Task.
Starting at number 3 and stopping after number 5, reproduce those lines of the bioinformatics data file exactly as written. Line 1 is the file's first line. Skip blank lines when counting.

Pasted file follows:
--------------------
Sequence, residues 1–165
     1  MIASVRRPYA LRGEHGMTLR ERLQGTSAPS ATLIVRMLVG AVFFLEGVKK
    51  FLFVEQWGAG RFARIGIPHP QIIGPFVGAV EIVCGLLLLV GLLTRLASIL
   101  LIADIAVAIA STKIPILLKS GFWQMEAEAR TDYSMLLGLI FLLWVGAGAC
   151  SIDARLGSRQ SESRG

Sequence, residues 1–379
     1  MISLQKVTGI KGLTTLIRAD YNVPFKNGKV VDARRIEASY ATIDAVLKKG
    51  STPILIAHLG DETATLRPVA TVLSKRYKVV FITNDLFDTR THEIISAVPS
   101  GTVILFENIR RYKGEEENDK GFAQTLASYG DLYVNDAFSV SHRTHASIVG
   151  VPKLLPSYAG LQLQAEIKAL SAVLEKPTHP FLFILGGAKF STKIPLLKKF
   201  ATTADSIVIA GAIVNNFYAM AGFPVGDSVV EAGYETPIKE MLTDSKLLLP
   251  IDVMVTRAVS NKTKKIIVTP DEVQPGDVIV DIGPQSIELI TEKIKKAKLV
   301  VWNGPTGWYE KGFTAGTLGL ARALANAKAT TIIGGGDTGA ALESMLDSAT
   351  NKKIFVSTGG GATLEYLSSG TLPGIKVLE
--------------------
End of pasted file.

    51  FLFVEQWGAG RFARIGIPHP QIIGPFVGAV EIVCGLLLLV GLLTRLASIL
   101  LIADIAVAIA STKIPILLKS GFWQMEAEAR TDYSMLLGLI FLLWVGAGAC
   151  SIDARLGSRQ SESRG